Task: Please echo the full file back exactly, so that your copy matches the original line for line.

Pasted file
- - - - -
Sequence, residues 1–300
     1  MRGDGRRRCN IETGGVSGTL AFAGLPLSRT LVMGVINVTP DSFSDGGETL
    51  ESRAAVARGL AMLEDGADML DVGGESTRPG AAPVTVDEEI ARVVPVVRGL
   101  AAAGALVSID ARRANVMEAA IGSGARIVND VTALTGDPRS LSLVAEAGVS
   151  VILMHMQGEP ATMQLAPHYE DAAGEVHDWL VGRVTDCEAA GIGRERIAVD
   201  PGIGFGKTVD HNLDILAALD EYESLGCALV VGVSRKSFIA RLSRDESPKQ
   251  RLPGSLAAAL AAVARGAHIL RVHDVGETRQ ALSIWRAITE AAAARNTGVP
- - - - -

Sequence, residues 1–300
     1  MRGDGRRRCN IETGGVSGTL AFAGLPLSRT LVMGVINVTP DSFSDGGETL
    51  ESRAAVARGL AMLEDGADML DVGGESTRPG AAPVTVDEEI ARVVPVVRGL
   101  AAAGALVSID ARRANVMEAA IGSGARIVND VTALTGDPRS LSLVAEAGVS
   151  VILMHMQGEP ATMQLAPHYE DAAGEVHDWL VGRVTDCEAA GIGRERIAVD
   201  PGIGFGKTVD HNLDILAALD EYESLGCALV VGVSRKSFIA RLSRDESPKQ
   251  RLPGSLAAAL AAVARGAHIL RVHDVGETRQ ALSIWRAITE AAAARNTGVP